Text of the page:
Nigeria-based Boko Haram extremists launched an attack on the town of Bosso across the border in Niger early Friday, the Associated Press reported. Forces loyal to Niger were able to repel the offensive and push the Islamist militants out of the town, the AP said. Casualty figures were not immediately available.

Niger’s military is coordinating with allied forces to carry out sweeps of the surrounding area in search of remaining resistance. “Niger and Chadian planes are conducting surveillance at the moment in town, and troops on the ground are combing through the streets,” Abba Hassan, a pharmacist in Bosso, told the AP.

The assault came shortly after Boko Haram launched a similar attack in Cameroon this week. The extremist group massacred almost 100 civilians and wounded hundreds more in a attack on the Cameroonian border town of Fotokol. The militants slit the throats of some villagers, forced others to serve as human shields, torched the town’s primary mosque and stole food, according to reports.

Boko Haram reportedly carried out the attack on Fotokol after suffering a massive defeat in the Nigerian town of Gamboru, located across the Cameroonian border. Backed by airstrikes and armored vehicles, Chadian troops killed more than 200 of the militant group’s fighters. The survivors fled to Cameroon to take revenge on Fotokol. Chad’s soldiers raced across the border to repel the attack on Fotokol.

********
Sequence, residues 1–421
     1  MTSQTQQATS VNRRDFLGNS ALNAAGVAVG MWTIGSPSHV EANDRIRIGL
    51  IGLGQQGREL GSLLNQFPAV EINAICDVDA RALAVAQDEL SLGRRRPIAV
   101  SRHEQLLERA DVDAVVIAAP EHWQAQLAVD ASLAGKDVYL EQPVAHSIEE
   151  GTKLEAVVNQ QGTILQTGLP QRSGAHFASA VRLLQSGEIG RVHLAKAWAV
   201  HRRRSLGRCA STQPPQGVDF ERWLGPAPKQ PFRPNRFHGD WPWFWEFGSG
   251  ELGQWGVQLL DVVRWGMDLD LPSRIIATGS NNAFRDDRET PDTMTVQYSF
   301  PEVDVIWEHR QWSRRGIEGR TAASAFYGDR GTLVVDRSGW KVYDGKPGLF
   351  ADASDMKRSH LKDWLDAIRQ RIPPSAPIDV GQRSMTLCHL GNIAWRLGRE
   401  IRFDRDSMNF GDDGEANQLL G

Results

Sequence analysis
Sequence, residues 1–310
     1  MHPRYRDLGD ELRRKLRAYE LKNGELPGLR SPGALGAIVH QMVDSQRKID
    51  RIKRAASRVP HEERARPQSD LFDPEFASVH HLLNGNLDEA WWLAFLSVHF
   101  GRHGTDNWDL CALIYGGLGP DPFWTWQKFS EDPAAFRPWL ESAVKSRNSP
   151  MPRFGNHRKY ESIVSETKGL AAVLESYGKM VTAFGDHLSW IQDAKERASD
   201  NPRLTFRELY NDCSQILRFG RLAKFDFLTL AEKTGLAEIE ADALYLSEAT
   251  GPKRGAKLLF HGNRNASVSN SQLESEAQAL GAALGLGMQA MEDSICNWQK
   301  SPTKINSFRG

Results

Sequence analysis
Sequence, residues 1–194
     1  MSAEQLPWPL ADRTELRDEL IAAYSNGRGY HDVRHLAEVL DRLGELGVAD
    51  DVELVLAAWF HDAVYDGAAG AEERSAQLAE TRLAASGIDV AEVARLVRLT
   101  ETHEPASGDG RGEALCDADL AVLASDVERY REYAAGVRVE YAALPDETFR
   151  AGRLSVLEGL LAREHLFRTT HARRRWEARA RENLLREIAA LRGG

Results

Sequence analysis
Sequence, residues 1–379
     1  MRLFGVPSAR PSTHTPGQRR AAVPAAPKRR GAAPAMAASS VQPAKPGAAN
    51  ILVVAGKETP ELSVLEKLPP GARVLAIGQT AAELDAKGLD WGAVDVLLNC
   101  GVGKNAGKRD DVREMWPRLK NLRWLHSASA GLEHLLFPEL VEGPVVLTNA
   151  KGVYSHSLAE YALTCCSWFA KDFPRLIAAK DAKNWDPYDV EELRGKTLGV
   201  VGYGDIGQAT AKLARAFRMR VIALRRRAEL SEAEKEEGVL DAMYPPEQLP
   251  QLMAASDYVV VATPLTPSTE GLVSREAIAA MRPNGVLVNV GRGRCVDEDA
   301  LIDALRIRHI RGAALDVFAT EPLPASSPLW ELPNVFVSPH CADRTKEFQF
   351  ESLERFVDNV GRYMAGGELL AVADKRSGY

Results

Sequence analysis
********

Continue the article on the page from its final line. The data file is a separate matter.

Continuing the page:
African Union leaders announced support last week for the formation of a 7,500-soldier task force designed to combat Boko Haram’s effort to carve out a caliphate in Nigeria. Benin, Chad, Cameroon and Niger each agreed to provide military aid as members of the alliance. France has also provided operational support for actions against the militant group, although President Francois Hollande has yet to say whether the nation will directly intervene.